Half a croissant, on a plate, with a sign in front of it saying '50c'
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Landing Vote System

Airline passengers instantly score pilot's landing.
  (+3, -1)
(+3, -1)
  [vote for,

Passengers punch in score via in-seat entertainment console immediately after landing. Statistics instantly processed and displayed. Data fed by internet to central performance checking centres. Interactive too, as pilot explains why some landings have to be hard due to wind shear etc. Passengers then enter 'bull' rating. All stats accessible to future selective passengers in booking flights etc.

While we're at it - why not have a "what the hell was that?" button and display so that the flight crew can determine the anxiety level after clunks, bangs, sudden jerky movements etc. and thus whether to make an announcement. Again, this can be followed up with a "bull" rating.

thantox, Apr 07 2001


       Several hundred backseat drivers all at once. Whatever happened to "Any landing you can walk away from is a good one."?
sirrobin, Apr 07 2001

       Yeah, let 'em do their job. The pilots have to sit through a more landings than we ever do; if it's hard for us, it's harder for them (even if their seats are cushier).
egnor, Apr 07 2001

       There's no gauge for the pilots to look at until the plane has landed, i.e. come to a stop. Or the pilots can get the result during debrief. Of course, no need to pressure the pilots during the actual landing but why isolate them from their customers? Give them quality feedback from the passenger's perspective so that they can at least feel rewarded for a good job or work towards perfecting their landing skills and consistency. I've experienced many strange landings in certain Far Eastern, S.E. Asian countries. When this happens its not like we can currently ask for an explanation or register concern or disapproval.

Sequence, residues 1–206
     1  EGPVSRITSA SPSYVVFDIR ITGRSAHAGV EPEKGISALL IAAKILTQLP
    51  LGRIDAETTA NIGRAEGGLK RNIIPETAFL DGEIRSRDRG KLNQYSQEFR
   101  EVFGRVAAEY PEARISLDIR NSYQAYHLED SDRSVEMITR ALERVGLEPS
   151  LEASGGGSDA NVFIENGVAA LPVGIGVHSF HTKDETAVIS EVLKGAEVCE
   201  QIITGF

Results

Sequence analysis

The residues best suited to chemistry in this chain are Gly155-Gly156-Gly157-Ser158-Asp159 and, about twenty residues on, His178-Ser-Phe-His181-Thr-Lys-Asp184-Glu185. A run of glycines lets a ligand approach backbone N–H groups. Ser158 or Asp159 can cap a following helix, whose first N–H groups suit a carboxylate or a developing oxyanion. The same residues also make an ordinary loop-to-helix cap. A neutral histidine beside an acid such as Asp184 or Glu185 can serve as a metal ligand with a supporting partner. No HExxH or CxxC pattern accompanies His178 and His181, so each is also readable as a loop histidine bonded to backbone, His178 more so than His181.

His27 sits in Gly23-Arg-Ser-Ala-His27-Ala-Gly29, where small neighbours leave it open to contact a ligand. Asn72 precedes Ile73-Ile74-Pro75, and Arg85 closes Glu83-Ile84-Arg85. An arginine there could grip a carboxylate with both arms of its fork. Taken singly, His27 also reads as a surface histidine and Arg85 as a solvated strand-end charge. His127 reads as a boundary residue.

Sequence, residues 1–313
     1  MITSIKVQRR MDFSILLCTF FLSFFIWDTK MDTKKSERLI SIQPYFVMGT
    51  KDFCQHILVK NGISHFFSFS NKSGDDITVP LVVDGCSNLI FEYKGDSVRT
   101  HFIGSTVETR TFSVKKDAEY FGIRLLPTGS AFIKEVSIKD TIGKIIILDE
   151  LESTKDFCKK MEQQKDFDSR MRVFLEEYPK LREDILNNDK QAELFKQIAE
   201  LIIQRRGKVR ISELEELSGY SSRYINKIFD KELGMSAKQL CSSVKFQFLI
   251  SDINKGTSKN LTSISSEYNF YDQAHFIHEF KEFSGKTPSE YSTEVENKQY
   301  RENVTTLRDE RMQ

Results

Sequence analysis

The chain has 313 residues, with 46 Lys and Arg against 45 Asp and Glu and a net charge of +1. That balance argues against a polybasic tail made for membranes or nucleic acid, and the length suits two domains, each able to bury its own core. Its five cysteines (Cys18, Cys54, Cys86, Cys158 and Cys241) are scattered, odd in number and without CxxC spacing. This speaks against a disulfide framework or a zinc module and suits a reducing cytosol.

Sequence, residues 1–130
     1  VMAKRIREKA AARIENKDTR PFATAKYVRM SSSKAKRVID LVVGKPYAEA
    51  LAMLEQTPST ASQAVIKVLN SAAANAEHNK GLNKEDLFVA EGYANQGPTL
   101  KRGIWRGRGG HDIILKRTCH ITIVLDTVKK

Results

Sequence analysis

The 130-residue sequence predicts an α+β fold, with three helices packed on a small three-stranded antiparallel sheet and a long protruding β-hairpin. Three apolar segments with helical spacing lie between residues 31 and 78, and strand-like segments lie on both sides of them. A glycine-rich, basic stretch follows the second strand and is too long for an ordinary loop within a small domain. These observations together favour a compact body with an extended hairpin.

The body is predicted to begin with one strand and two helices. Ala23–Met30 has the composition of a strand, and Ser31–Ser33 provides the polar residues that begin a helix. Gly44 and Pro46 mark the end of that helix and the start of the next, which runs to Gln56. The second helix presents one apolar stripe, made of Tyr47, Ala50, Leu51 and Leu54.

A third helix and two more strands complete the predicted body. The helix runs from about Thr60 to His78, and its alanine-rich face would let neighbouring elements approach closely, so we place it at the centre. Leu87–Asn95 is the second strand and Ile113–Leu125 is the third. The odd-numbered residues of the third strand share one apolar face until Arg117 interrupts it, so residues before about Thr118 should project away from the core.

However, the "what the hell was that" may be useful in flight. For example, a shy, unconfident passenger thinks he /she notices a jet fighter plane shadowing very closely. He's not sure, so is reluctant to inform the hostess. Or maybe passenger thinks the captain knows all about it and it would be silly of him to point it out. Now, with the "what the hell was that" button, its quite likely that a fair number of passengers would press their buttons and a useful feedback loop established.   

       33,000 feet in international airspace:   

       Co-pilot: "Uh-oh, amber light"   

       Captain: "Turn it off"   

       Co-pilot: "But Jim, I got a reading here...26% of the self-loading cargo are moaning about some jet fighter stalking us"   

       Captain: "Just turn it off. While your at it, punch in a '9.9'..no '10' on the LVS.
thantox, Apr 08 2001

       I prefer the spontaneous applause that breaks out when the pilot has just completed a difficult landing, in bad weather and at night, smoothly.   

       If the pilot can hear it, that's got to feel good.
1percent, Apr 10 2001

       All your bull are belong to US (Airways).
pnewp, Apr 10 2001

       ...enough with the AY*BTU, already.
iuvare, Apr 10 2001

       what you say, iuvare?
Wes, Apr 10 2001

       I support PeterSealy's "vote on where to land" annote...   

       Imagine the joy of being able to call your boss from accidental-Aruba. I'd volunteer for way more business travel in my line of work.
tminus12, Sep 17 2001


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